What Two Little Jewish Girls Taught Me about Being a Mormon Male Leader

by Miki Yoshihito through Creative Commons license on Flickr

by Miki Yoshihito through Creative Commons license on Flickr

I used to teach piano lessons in my house. Every day after school, I had five to six kids coming in and out. These kids were great—thoughtful, well-behaved, if not the most diligent at practicing the piano.

In the month of December, we always did a Christmas recital. After all, the majority of my students came from my LDS network, and once my oldest started a Church of Christ preschool, I thought it was still a safe bet that everyone was Christian.

In November, we began picking our music, and I gave two sisters who were also relatively new students their songs. We found and agreed to go with “O Christmas Tree” and “Silent Night.” They returned next week having not practiced their songs…at all.

Read More

Sacred Music: Glorious

I’m a little ambivalent about the movie, Meet the Mormons, and I’m afraid I don’t quite keep up on the latest pop stars like David Archuleta. But, someone put this song on their Facebook feed months ago, and I love it. This chorus sung by these children gets me every time:

It’s like a symphony just keep listening
And pretty soon you’ll start to figure out your part
Everyone plays a piece in their own melodies

In each one of us, oh, it’s glorious

 

Read More

Poetry Sundays: Short Roots

Gustave Le Gray (photographer) [French, 1820 - 1884] from the J. Paul Getty Museum

The Beech Tree by Gustave Le Gray (photographer) [French, 1820 - 1884] from the J. Paul Getty Museum

2014 was a tough year for many Mormon feminists. While there were some great positive changes in the Church, for me, they did not outweigh the hard truths I’ve witnessed.  I’ve found comfort in looking to Mormon women of older generations as spiritual role models than I have lately. Women who have weathered storms like the ERA and the 1990′s excommunications of feminists and intellectuals, women who have created their own spiritual paths in and out of the Church.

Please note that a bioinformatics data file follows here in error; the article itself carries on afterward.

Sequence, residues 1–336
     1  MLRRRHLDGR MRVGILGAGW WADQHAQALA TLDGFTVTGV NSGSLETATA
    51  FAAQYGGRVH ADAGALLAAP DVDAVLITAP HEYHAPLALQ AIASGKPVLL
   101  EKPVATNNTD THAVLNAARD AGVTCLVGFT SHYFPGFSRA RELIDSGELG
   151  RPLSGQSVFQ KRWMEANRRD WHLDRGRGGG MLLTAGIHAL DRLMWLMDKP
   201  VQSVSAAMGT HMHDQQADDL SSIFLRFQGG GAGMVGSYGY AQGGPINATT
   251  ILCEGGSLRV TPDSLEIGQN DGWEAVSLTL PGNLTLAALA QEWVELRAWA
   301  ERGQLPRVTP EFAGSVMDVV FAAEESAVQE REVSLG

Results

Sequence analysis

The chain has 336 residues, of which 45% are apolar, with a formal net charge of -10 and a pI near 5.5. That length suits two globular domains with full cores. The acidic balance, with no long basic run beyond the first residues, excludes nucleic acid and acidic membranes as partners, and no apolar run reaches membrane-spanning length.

I’ve loved this poem by Carol Lynn Pearson in particular lately. This past year, I’ve felt so thirsty as I ponder my place in the Church and my own spiritual path.

“Short Roots”
by Carol Lynn Pearson

The tree
At the church next door to me
Turned up its roots and died.
They had tried
To brace its leaning
But it lowered
And lowered,
And then there it lay–
Leaves in grass
And matter roots in air,
Like a loafer on a summer day.

Read More

Christmas Series: an Exponent II Merry Christmas Playlist

by Aimee Evans Hickman

by Aimee Evans Hickman

Click on the picture to the left to go to hear a playlist of our permabloggers’ favorite Christmas carols. Merry Christmas!

In no particular order…
All the Emilys: “Jesus Christ the Apple Tree”

Two out of three Emilys say, “I like the verse, ‘This fruit doth make my soul to thrive it keeps my dying faith alive.’ Because Christ is the center of my reason for staying.

Melody: Patty Griffith’s “Mary”
Because Mary is the closest thing we have to divine feminine. And in my mind her humanity somehow provides a link between heaven and earth. She lived, she wept, she “stayed behind and started cleaning up the place” like so many of us do-out of love and reverence and necessity. And she knew God.

JessR: Nat King Cole’s “The Christmas Song”
My favorite is Nat King Cole’s version of The Christmas Song. It reminds me of my grandfather. It was his favorite. It also talks about all my favorite parts of Christmas: being home around family and the excitement of kids around this time of year.

Read More

Remembering Emma Lou Thayne and Her Ability to Love

Emma Lou Thayne (2)I will consider my life a success if I am able to master the talent that Emma Lou Thayne had to make people feel good about themselves. It must have been so second-nature to her that I, at first, didn’t realize that I felt better about myself every time I was able to talk with Emma Lou. I felt invigorated (she always had good advice for new directions and paths along with a willingness to help however she could) and happy (she had such great stories and a zen-like outlook on life). It took me some time to see that I felt these things because I felt her love.

She had this talent, an innate ability to love and cherish complete strangers so quickly, to make us feel like we would always be good friends. And, I feel blessed to have been one of the thousands to call her a friend.

I admired Emma Lou from afar for years when one day, I screwed up my courage to write her an email, asking if we could reprint something she had written for Exponent II. I was hoping for a quick “yes”—she’s a busy woman after all.

Read More